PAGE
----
(5). Is there any known problem with the JSP PrintWriter object "out". After getting the report string I pass it to Browser using the "out.println(reportStr)".

(6). Any known issues with Tomcat3.2.3 specially in the area of Memory Leak in its Servlet Engine.

Please give your comments so that I can overcome this "memory waste" and "memory leak" problems.

Regards
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Question by:javaq092999
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5 Comments
 
LVL 16

Expert Comment

by:imladris
ID: 6986331
W.r.t. memory waste, you are quite right. StringBuffer is coded to expand by doubling its capacity. On the other hand, the conversion to String does not cause the use of extra memory. StringBuffer is coded to share its character data array with a String object. As long as the underlying StringBuffer does not change, no more memory will be used. Of course, as soon as you change the StringBuffer, the system must copy the StringBuffer to a String so as to avoid changing the String that toString produced.

If you can reasonably predict how much space you will need for the StringBuffer, you could manage all this by initializing the StringBuffer with the right amount of space (either in the constructor, or with setLength). If you can't tell beforehand, a reasonable solution might be to take the StringBuffer source and change it. Rename it to MyStringBuffer and change the expandCapacity algorithm to suit your purposes, and then use this new and improved object.

As for the potential memory leak and the hang, I'm not sure I can offer you anything specific there. Do you get an error message? Or does the system just hang?
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LVL 92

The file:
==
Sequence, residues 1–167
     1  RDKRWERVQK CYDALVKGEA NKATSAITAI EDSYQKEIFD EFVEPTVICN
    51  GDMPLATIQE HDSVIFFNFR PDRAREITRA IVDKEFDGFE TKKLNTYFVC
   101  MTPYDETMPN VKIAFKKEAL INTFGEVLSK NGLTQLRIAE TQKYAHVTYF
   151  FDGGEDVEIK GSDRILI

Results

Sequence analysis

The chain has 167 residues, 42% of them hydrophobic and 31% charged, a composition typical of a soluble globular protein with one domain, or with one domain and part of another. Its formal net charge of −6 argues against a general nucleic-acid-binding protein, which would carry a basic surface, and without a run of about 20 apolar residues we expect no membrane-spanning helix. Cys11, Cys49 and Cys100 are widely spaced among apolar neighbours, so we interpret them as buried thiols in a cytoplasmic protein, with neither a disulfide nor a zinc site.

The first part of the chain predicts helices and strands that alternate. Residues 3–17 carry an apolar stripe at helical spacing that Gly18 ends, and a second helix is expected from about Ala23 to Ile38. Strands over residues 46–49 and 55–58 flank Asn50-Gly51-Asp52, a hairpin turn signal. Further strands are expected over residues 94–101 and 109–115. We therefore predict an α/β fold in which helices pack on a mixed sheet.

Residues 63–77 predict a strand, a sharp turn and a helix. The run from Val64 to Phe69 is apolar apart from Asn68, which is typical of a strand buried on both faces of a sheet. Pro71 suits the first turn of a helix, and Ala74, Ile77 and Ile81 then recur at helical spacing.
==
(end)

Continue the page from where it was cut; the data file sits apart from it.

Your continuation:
Accepted Solution

by:
objects earned 100 total points
ID: 6987531
Simply don't build up a huge string to return to the client, and instead stream the data directly.

   public void makeReport(String sql, PrintWriter out) {
        // Database Connection
        Connection con = ...
        Statement stmt = ...
        ResultSet rs = stmt.executeQuery(sql);
 
        out.print("<TABLE ALIGN=CENTER ...");

        try {
            while(rs.next()) {        <----- LOOPING
                out.print("<TR>");
                for (int i = 1; i <= numColmns; i++) {    <----- LOOPING
                    out.print("<TD>" +rs.getString(i) +"</TD>");
                }
                out.print("</TR>");            
            }
        }
        catch (SQLException e) {
            ...
        }

        out.print("</TABLE>");
   }
}
0
 

Author Comment

by:javaq092999
ID: 6989523
After studying the source code for String and StringBuffer classes I am clear as how these APIs work specially on the memory front. Your (Object's) comment sounds great, however often I need to add something at the top in my string (ie using sb.insert(0, stuff)). The "stuff" is known only I process the data from the ResultSet. Since I will be streaming the data directly (*without caching*) I will not be able to do that. Anyway I have to cope with that :) Will put the comment once I implement this idea. Thanks to you both!
0
 

Author Comment

by:javaq092999
ID: 7001184
Well this problem helped me in understanding the String and StringBuffer classes more closely and learned that how easily the StringBuffer could lead to "Memory Waste". I finally changed my most of the metods to stream the text to the JspWriter directly as I was using the same in many other places. Thanks all and specially "object".
0
 
LVL 92

Expert Comment

by:objects
ID: 7002568